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Youth and intimate media cultures: Gender, sexuality, relationships, and desire as storytelling practices in social networking sites


SELF IMAGINED AUDIENCE IDENTITY TECHNOLOGIES textual analysis mediatization media culture youth sexuality gender Self-representation netlog social media RETHINKING FACEBOOK

Publication details

Year: 2015
DOI: 10.1515/commun-2015-0012
Issued: 2015
Language: English
Volume: 40
Issue: 3
Authors: De Ridder S.; van Bauwel S.
Type: Journal article
Journal: Communications
Publisher: Walter de Gruyter GmbH
Topics: Content-related issues; Internet usage, practices and engagement
Sample: 200 profiles of youngsters within the region of Flanders, the Dutch speaking part of Belgium between 13 and 18 years of age


This paper investigates how young people give meaning to gender, sexuality, relationships, and desire in the popular social networking site (SNS) Netlog. In arguing how SNSs are important spaces for intimate politics, the extent to which Netlog is a space that allows contestations of intimate stories and a voicing of difference is questioned. These intimate stories should be understood as self-representational media practices; young people make sense of their intimate stories in SNSs through media cultures. Media cultures reflect how audiences and SNS institutions make sense of intimacy. This paper concludes that intimate stories as media practices in the SNS Netlog are structured around creativity, anonymity, authenticity, performativity, bricolage and intertextuality. The intimate storytelling practices focusing on creativity, anonymity, bricolage and intertextuality are particularly significant for a diversity of intimacies to proliferate.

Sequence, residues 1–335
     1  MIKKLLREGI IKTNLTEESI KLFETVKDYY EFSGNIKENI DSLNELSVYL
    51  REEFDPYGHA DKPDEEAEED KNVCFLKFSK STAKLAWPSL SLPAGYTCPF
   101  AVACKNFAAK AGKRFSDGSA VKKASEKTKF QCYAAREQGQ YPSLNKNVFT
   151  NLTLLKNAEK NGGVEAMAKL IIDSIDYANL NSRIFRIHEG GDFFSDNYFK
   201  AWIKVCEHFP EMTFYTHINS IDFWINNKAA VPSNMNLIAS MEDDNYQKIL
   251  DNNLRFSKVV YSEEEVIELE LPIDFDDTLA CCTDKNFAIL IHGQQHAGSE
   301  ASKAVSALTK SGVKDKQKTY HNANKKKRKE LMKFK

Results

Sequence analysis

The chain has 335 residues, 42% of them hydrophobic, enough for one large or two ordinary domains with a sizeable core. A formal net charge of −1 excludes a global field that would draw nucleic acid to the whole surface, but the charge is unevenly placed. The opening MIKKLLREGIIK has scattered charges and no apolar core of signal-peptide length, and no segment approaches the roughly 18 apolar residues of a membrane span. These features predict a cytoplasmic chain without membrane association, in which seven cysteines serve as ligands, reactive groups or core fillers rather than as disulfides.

"Although Facebook is the most popular SNS, Netlog forms an interesting platform as space that allows contestations of intimate stories and a voicing of difference. The way the cited texts address their audiences, makes clear how intimate stories on Netlog . Intimate stories in self-introductory texts are carefully produced while thinking of all those who will read it. They seem to continuously transgress the very personal and intimate to the public. Sexual preferences observed by heterosexual boys fit within a hegemonic masculinity maintained through the production of a clearly defined heterosexual identity. Other sexual identities are quite clear in self-introductory texts and in a rather explicit way (*gay*, *lesbian*). Contrary to Facebook, anonymity is an important element of online communication. In the Netlog community, nicknames are important, as they function as primary identification. Consequently, nicknames could be seen as the most important signals of identity identify the self with other groups, such as gendered identities, ethnicity, and sexual identities. Nicknames often reflect conventional male and female gender characteristics, such as fashion and football. Intimate storytelling as a media practice introduces an intertextual self, a self that appropriates the texts and aesthetics popular culture provides to create a story. It forms a combining of a number of intertextual references to texts from popular culture. Intimate stories are examples of a postmodern bricolage: music, film, and celebrity industry, Western popular media cultures played an important role." (De Ridder & Van Bauwel, 2015)

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